Archive | April, 2013

Question: What Do You Want to Know About Drew Estate?

30 Apr 2013


Last year around this time, Patrick A and I visited Nicaragua as part of Drew Estate’s Cigar Safari. The trip was as fun as it was informative.

We visited the Joya de Nicaragua and Drew Estate factories, toured sorting and processing facilities, made our own blends, and spent time with some of the best cigar people around, including Jonathan Drew, Steve Saka, José Blanco, and Mario Perez.

You can revisit the trip by checking out our coverage here and by watching this playlist of our videos:

But the reason I post this isn’t just for a trip down memory lane. Tomorrow, I’m heading back down for another visit to Drew Estate, Cigar Safari, and Estelí, Nicaragua.

So I wanted to ask our readers: What do you want to know about Drew Estate?

Leave your questions in the comments and while I’m in Nicaragua I’ll work to get you answers. Keep an eye on Twitter, Facebook, Instagram, and for responses to your questions.

Patrick S

photo credit: N/A

Cigar Review: Joya de Nicaragua Cabinetta Serie No. 27

29 Apr 2013

You know how every time you open your humidor one cigar leers at you, just begging you to smoke it? Lately, for me, that cigar has been the Cabinetta Serie No. 27.

Cabinetta No. 27I’ve had two of these monstrous double coronas situated near the top of my glass-lid humidor. I have no idea how they got there, and I have no idea how long they’ve been resting. But for whatever reason—maybe their generous proportions, maybe their two-tone wrappers—they’ve been catching my eye lately. So I decided to give in to temptation and fire them up for a review.

The Cabinetta Serie is one of a half-dozen lines listed on the Joya de Nicaragua website. Launched before the prolific José Blanco joined the Estelí-based company as senior vice president, the blend is rolled completely in a golden Ecuadorian wrapper and topped off with a dark, sun-grown criollo leaf at the head. The goal of the latter is to add a sweet spiciness to the lips.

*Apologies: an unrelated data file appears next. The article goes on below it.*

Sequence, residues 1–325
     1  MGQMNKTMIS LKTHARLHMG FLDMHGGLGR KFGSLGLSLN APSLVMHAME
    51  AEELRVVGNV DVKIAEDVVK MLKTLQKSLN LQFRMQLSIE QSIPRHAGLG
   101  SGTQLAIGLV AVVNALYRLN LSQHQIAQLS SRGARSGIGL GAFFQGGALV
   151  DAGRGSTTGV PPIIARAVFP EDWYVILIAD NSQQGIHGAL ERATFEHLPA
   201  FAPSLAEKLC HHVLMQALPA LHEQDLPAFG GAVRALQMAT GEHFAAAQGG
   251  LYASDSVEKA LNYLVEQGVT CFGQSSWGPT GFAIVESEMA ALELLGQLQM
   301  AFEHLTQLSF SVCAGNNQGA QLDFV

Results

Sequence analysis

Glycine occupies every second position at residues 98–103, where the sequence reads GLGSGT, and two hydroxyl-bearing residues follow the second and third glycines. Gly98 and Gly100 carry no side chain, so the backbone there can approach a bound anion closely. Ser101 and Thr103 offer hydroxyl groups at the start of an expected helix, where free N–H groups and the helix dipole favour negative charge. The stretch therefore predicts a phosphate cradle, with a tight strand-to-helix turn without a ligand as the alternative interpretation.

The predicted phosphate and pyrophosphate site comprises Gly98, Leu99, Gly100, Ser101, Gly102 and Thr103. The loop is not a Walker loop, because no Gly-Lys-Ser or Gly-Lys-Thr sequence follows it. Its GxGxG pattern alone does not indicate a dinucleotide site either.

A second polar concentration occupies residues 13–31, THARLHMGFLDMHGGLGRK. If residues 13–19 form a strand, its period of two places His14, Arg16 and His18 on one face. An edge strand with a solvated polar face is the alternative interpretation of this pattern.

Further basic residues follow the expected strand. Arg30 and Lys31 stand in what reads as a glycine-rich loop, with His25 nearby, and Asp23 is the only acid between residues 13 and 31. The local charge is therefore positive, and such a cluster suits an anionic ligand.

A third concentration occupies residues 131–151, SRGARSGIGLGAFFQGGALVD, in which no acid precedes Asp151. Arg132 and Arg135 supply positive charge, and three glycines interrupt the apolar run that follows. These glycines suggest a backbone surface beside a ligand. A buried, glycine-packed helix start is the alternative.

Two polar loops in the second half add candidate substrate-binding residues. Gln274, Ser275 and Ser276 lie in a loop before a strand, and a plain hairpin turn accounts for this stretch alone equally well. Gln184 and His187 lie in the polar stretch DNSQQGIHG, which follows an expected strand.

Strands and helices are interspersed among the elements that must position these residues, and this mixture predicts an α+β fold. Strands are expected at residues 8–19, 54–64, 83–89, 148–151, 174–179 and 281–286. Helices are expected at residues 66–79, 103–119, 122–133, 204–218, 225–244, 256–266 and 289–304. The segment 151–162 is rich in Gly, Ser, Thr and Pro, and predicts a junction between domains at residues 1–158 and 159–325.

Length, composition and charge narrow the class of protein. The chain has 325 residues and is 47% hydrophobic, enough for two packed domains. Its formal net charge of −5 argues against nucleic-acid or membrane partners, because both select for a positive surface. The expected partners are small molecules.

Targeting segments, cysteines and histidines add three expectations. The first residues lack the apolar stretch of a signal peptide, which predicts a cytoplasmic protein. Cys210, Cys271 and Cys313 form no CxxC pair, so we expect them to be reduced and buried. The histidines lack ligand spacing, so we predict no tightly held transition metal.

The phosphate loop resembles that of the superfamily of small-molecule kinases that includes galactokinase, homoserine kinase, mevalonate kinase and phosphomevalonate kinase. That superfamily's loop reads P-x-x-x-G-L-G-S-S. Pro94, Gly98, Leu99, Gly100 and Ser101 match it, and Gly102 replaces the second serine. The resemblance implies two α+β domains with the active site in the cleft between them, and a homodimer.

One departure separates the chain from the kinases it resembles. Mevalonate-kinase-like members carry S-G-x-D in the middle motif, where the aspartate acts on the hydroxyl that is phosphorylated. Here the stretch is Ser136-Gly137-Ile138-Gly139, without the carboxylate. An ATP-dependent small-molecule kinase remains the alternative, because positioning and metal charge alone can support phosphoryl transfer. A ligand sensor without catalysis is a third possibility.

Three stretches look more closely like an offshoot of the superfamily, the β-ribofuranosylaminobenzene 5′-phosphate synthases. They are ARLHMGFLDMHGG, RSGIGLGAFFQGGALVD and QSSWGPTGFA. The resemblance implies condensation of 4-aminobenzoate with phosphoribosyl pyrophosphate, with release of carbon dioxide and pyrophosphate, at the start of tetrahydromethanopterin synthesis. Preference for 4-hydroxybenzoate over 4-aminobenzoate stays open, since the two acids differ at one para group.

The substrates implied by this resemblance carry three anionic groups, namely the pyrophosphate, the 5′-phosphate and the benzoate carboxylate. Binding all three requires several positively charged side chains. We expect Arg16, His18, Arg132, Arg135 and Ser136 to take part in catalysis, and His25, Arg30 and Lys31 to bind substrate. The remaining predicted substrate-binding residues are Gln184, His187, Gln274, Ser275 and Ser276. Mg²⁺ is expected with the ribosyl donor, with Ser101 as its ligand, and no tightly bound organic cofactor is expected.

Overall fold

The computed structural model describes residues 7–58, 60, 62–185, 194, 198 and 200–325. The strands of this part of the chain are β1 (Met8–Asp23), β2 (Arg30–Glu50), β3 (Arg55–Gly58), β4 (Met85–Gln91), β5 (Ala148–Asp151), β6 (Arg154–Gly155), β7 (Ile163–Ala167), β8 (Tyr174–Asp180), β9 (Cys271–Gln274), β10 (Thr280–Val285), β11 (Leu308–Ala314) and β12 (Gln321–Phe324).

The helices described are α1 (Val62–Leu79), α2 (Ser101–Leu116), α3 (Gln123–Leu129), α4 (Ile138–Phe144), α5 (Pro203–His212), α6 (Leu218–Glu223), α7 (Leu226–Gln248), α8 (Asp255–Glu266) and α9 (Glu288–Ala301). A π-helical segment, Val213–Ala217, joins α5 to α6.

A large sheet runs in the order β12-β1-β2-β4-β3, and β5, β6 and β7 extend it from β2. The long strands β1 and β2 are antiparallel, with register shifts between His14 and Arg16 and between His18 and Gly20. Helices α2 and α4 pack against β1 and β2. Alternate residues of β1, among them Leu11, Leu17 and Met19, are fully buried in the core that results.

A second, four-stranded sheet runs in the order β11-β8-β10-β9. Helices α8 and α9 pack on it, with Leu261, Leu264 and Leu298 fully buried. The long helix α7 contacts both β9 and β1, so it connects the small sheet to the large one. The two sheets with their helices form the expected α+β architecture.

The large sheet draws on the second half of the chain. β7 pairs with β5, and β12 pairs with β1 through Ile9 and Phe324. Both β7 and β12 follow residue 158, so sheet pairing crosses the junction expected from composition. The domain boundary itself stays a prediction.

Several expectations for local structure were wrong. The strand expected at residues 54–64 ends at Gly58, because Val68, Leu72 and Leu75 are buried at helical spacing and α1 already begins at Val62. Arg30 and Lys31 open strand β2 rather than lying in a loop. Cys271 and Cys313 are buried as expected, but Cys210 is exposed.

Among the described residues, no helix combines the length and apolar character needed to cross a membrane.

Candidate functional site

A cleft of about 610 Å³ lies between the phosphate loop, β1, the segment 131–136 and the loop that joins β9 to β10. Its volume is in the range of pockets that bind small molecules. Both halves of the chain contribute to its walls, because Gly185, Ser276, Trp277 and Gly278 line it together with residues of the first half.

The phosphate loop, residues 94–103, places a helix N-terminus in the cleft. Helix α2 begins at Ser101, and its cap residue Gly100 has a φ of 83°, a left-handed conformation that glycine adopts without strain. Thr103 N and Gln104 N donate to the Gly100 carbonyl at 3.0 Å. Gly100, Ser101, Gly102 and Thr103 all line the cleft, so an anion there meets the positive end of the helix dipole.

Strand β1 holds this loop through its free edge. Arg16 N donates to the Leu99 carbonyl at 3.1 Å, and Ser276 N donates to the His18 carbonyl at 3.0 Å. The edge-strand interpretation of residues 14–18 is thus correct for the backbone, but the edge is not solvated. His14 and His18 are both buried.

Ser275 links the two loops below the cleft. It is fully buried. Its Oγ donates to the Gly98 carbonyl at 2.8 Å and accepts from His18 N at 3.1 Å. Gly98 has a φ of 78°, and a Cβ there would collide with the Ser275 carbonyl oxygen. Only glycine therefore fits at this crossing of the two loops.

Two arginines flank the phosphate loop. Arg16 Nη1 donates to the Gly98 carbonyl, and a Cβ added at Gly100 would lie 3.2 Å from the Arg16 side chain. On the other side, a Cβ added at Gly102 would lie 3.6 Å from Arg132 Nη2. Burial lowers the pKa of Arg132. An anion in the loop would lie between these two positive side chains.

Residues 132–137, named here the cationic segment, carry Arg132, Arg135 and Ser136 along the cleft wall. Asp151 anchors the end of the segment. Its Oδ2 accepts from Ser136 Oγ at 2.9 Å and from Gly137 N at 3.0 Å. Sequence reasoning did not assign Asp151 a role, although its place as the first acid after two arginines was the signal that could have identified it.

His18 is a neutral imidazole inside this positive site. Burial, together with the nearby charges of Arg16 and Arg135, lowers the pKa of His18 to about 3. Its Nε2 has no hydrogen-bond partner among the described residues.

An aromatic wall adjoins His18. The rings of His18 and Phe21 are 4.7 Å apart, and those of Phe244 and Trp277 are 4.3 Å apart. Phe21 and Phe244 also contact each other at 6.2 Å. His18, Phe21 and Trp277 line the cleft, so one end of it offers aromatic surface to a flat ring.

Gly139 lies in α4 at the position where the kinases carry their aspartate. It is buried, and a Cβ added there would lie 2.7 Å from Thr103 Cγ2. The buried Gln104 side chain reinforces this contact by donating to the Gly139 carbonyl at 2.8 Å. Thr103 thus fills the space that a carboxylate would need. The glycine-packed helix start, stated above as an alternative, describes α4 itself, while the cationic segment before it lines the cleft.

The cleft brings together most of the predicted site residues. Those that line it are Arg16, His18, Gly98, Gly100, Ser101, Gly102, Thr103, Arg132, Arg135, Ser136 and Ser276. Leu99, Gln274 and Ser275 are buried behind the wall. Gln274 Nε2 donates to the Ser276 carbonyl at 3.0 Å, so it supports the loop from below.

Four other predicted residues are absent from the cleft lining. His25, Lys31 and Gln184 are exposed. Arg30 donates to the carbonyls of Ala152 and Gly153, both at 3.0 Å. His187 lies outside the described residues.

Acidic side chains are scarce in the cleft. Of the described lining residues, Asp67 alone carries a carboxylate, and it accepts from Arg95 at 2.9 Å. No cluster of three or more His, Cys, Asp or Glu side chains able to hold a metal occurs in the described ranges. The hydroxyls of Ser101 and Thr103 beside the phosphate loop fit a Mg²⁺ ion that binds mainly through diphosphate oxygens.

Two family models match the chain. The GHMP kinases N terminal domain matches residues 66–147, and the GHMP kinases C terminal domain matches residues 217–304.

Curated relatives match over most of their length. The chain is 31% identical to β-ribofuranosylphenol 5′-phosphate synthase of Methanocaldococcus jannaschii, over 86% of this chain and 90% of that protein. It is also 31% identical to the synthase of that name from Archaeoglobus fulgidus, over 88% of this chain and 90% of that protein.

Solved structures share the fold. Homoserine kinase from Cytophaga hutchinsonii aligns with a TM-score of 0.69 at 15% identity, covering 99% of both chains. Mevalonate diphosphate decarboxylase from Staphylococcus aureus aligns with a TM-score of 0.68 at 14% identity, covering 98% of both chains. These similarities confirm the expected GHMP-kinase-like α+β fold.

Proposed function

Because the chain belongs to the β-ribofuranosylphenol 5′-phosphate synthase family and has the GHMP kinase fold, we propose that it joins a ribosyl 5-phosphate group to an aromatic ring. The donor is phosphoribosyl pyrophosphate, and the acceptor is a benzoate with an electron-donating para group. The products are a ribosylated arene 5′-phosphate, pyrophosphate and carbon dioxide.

When it was introduced in 2010, Cabinetta marked a departure for Joya de Nicaragua, which was best known for its bold Antaño line. The Nicaraguan filler tobaccos are mild by design to “deliver a smoother, more refined smoking experience.”

The No. 27 vitola is not listed on Joya de Nicaragua’s website; only the No. 2 (belicoso), No. 4 (robusto), No. 11 (corona), and No. 7 (toro) appear there. But rest assured the immense (7 x 54) No. 27 does exist, and you can easily find it at tobacconists or at several prominent online retailers, usually for around $7-8 apiece.

This double corona is pale below the band and dark-reddish above it. Several large veins are visible, as are a plethora of modest lumps and bumps. The feel is moderately firm and the foot has a wonderfully sweet pre-light aroma. A punch cut is all that’s needed to free up an easy draw.

After establishing an even light, I find a creamy, toasty smoke of almond, cedar, and honey. The aftertaste is characterized by a sharp spice that lingers on the tongue for a surprisingly long time. To be sure, this is a smooth cigar with a thick, billowy texture. I find the balance interesting enough to hold my attention, though the large No. 27 format may be a bit too much of a good thing.